Checking the rear view, no one was behind us, so we were able to slow down and find it. The cemetery is located across the street from a recycling company, and as there’s no dedicated parking, we pulled onto the shoulder of the road. Walking up to the cemetery, I proceeded with caution. It was a really warm day, and there might’ve been critters about (the kind with fangs).

The cemetery seemed to contain only two modern-looking headstones. There may be depressions indicative of sunken graves on the site, but the existing bed of leaves and ivy made it impossible to tell. The nearest, visible gravestone, the one I’d spotted from the road days before, read “Mother Hattie M. Moore.”

Hattie Moore Gravestone Orton Elizabeth City NC

Gravestone of Hattie Moore (1917-1954).

For a lazy Sunday afternoon, US-158 was a very busy thoroughfare, spurts of traffic passing by at over 50 mph. With only a ditch between myself and the road, I was aware of every single vehicle.

Traffic passing Moore Cemetery Elizabeth City NC Orton

Traffic passing Moore Cemetery on US-158. January 31, 2016

I zoomed in on the second stone from a distance; there was far too much leaf and ivy ground cover to get any closer. Rattlesnake territory, I thought. There was no way this stone would receive a full inspection, but I could make out the inscription, “Father.”

Curtis J Moore Grave Elizabeth City NC Orton

Gravestone of Curtis Jarvis Moore, Sr. (1915-1971).

At one point, I heard a truck approaching, and for safety reasons, paused till it lumbered past.

Truck passing Moore Cemetery Orton

Truck passing Moore Cemetery, January 31, 2016. Elizabeth City, NC

I couldn’t get over how close this hallowed ground is to a major roadway. Thinking about how many times we’d zipped past this little cemetery on family genealogy trips, I took a few more pics for good measure, being sure to keep my distance. Then I decided it was time to go. I’d seen this:

Is that a snake I see?

Is that a rattlesnake I see?

It looked like a canebrake rattlesnake, and where there’s one, there could be more. I quickly realized the grave site of Curtis Jarvis Moore, Sr. may have been host to a little snake den. Yep, definitely time to go home.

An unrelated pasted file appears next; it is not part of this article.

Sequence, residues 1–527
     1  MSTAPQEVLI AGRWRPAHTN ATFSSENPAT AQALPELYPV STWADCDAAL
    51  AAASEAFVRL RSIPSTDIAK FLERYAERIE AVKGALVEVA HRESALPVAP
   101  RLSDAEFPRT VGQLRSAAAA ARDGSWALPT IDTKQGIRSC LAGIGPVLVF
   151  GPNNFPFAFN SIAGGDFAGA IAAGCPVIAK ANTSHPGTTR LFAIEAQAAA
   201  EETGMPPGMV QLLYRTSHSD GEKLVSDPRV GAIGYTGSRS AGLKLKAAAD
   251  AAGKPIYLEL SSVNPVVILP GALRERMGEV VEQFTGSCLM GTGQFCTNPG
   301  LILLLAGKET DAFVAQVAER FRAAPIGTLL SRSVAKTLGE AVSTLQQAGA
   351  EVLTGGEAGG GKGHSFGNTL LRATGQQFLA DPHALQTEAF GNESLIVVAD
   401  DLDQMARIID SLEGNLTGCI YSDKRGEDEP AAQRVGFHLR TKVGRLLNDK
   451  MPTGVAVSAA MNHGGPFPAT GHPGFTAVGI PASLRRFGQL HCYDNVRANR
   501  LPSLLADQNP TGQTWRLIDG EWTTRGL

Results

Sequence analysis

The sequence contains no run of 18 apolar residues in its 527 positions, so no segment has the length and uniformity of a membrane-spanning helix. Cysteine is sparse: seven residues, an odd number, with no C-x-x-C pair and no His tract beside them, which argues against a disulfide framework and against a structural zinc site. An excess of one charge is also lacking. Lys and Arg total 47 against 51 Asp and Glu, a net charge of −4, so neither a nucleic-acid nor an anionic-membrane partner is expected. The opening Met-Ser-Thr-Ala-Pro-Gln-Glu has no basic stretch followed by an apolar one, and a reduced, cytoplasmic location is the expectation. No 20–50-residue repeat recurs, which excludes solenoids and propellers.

Later that evening, I reviewed a few documents that provided some information about the burial ground. Known as the Moore Cemetery, the only documented burials are Curtis Jarvis Moore, Sr. (1915-1971), and Hattie M. Moore (1917-1954). Curtis and Hattie were married on May 13, 1939, in Pasquotank County, by Rev. Monroe Ramsey Lane (1856-1943), whose brother-in-law is buried in Portsmouth, Virginia’s Lincoln Memorial Cemetery. Curtis J. Moore, Sr. was the son of John Lee Moore and Edna Hunter, the grandson of Axum J. Moore and Katie Ann “Kitty” Stewart, and the great-grandson of Isaac and Louisa Moore.

Marriage certificate of Axum J. Moore and Katie Ann Stewart. Pasquotank County, 1881. Ancestry.com

Marriage certificate of Axum J. Moore and Katie Ann Stewart. Pasquotank County, 1881. Ancestry.com

Hattie M. Moore’s death certificate states her maiden name was “Varn,” born in Pasquotank County, the daughter of John Varn and Mary Pernell. However, the marriage certificate states Hattie M. Moore was a Freeman, originally from Bertie County, North Carolina, and the daughter of John Freeman and Melvina (Melvinia) Freeman. The couple lived in the Newland district, in the northern section of Pasquotank County. I’m not sure when family last visited the cemetery. A hopeful sign are the flowers that, while faded, have been carefully placed beside both headstones.The cemetery has been added to Find-a-Grave, and is also included in a county cemetery database which can be found here.